The Oppressor of Beings

revised on 2024-06-09

Dhamma Talks by Mogok Sayadaw; 23rd to 25th February 1962

[These talks are based on the Mahāpuṇṇama Sutta, No. 109, Majjhima Nikāya]

Tape 1

(Sayadaw told the story of the Mahāpuṇṇama Sutta) The reason behind the senior monk asking the Buddha of the question which he had already known was wanting to get the confirmation for the other monks. What are these five clinging-aggregates rooted in? They come from craving and desire (taṇhā and chanda). In past lives, we clung to the khandhas with desire that now we get it and they do not arise by themselves (not by God, no such Being exists). Let's explain the clinging khandha (upādānakkhandha) and non-clinging khandha (anupādānakkhandha). If you cling to it, it becomes clinging-khandha, and with non-clinging, it becomes non-clinging khandha. I am going to explain it in general. For example, when feeling (vedanā) and attachment (upādānam) are mixed, it becomes the feeling aggregate (vedanupādānakkhandha) affected by attachment. Mixing them is not beneficial. Upādānam is neither the same as the khandha nor is upādānam something apart from the khandha. There are two khandhas—one with clinging is clinging khandha and one with non-clinging is non-clinging khandha. Without a good teacher you may not understand this. With clinging, you are bound by taṇhā, upādānam, and kamma. With no clinging, taṇhā, upādānam, and kamma cease. These are variances due to different people. If there is clinging, it becomes the clinging khandha; if there is no clinging, it becomes the non-clinging khandha. It is like an ox and the rope. There are two clinging khandhas related to happiness and unhappiness. For example, the difference is that if one is healthy, it becomes the aggregate of attachment to happiness (happy clinging khandhas); if it is unhealthy, it becomes the unhappy clinging khandhas. People pray for heavens with the desire for the clinging khandhas. This way does not lead to Nibbāna. Only the becoming of non-clinging khandha attains Nibbāna.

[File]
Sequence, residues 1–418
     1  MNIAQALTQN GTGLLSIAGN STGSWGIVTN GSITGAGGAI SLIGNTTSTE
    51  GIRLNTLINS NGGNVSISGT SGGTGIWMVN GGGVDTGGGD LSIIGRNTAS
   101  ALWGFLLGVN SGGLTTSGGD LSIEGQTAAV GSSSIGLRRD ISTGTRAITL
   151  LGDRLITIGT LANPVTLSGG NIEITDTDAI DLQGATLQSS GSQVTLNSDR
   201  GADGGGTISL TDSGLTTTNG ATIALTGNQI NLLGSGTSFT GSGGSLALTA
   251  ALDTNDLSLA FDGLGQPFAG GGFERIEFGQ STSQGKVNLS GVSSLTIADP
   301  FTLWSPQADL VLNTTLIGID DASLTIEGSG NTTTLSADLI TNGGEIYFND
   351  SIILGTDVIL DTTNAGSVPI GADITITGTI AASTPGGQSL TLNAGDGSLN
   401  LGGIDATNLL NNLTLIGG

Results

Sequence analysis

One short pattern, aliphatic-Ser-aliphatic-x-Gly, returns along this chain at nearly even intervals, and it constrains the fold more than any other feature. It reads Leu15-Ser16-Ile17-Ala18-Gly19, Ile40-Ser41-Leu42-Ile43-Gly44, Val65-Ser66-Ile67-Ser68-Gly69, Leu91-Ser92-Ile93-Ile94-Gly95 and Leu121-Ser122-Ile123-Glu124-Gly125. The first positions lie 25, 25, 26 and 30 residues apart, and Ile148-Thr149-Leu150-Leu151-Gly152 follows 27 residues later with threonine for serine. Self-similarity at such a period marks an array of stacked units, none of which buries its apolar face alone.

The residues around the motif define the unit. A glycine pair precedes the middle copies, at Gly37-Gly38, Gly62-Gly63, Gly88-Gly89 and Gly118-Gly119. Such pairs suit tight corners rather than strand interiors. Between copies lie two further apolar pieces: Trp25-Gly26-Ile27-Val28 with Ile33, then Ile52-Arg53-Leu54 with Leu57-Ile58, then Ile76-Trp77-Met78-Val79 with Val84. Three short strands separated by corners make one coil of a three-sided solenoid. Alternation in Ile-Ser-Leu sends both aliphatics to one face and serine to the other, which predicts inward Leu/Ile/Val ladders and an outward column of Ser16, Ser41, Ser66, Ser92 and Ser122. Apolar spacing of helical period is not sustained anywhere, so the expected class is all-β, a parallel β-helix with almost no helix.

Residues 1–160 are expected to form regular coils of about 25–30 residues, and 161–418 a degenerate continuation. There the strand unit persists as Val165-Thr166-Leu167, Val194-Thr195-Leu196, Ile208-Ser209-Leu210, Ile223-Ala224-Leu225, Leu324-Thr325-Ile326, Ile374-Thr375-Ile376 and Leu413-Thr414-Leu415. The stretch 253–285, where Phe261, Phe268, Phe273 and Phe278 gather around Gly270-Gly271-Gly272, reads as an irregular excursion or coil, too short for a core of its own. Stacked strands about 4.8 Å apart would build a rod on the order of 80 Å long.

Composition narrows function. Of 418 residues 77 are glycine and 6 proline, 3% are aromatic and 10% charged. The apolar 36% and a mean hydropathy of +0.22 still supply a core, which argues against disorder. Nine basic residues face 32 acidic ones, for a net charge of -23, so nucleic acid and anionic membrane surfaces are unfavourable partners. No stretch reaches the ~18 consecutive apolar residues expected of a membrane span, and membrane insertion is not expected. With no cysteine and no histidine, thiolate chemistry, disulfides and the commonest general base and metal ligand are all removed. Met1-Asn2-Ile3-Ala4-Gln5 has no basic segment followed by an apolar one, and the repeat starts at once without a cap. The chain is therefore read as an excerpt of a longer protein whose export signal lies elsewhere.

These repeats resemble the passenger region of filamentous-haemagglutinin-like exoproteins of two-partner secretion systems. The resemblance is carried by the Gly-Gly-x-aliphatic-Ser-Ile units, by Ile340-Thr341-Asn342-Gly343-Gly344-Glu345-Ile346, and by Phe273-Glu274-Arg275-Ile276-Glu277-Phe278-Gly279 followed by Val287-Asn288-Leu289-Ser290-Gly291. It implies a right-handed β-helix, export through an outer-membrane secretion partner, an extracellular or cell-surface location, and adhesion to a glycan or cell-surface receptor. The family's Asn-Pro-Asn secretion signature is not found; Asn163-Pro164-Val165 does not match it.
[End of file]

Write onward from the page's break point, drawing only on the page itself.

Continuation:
The clinging of khandha forbids Nibbāna, and non-clinging of khandha supports Nibbāna.

(Note: It's beneficial for contemplation on clinging khandha and conceptual khandha, non-clinging khandha, and non-conceptual (paramatā) khandha. Do they have any relationship between or among them? According to Sayadaw U Candima’s experiences, to penetrate the ultimate (paramatā) khandha, the mind has to be purified first (through samādhi practice). Only by achieving the 4th jhāna samādhi power can one discern the mind.)

You have to be aware of that point. Clinging dhamma is oppressing the world. Āyūhanāṭṭha (Āyūhana-aṭṭha)-Taṇhā— Craving creates dukkha things and matters. A person with the clinging khandha is able to live only with Dukkha (This can be directly seen in today's world, which is becoming chaotic with conflicts, destruction, and disasters in many sectors). With only Dukkha, they have satisfaction; if they separate from Dukkha, they can’t live on and become dissatisfied. They are only satisfied when busy with things and matters (Sayadaw’s many talks contribute a lot of Dhamma insights into human minds and their nature).

The senior monk continued to ask the Buddha, "How many kinds of khandha are there?" There are various kinds, e.g., many kinds of animals. These are from the external forms. Then he asked about Sakkāya-diṭṭhi. You must separate Sakkāya-diṭṭhi as before. Some have sakkāya only and no Diṭṭhi, and some have both of them. The differences stem from sutavā and asutavā (with learning and without learning from the wise—especially Dhamma from the Buddha). The most important point is the differences between ariya and puthujjhana (noble being and worlding; wise and fool).

Tape 2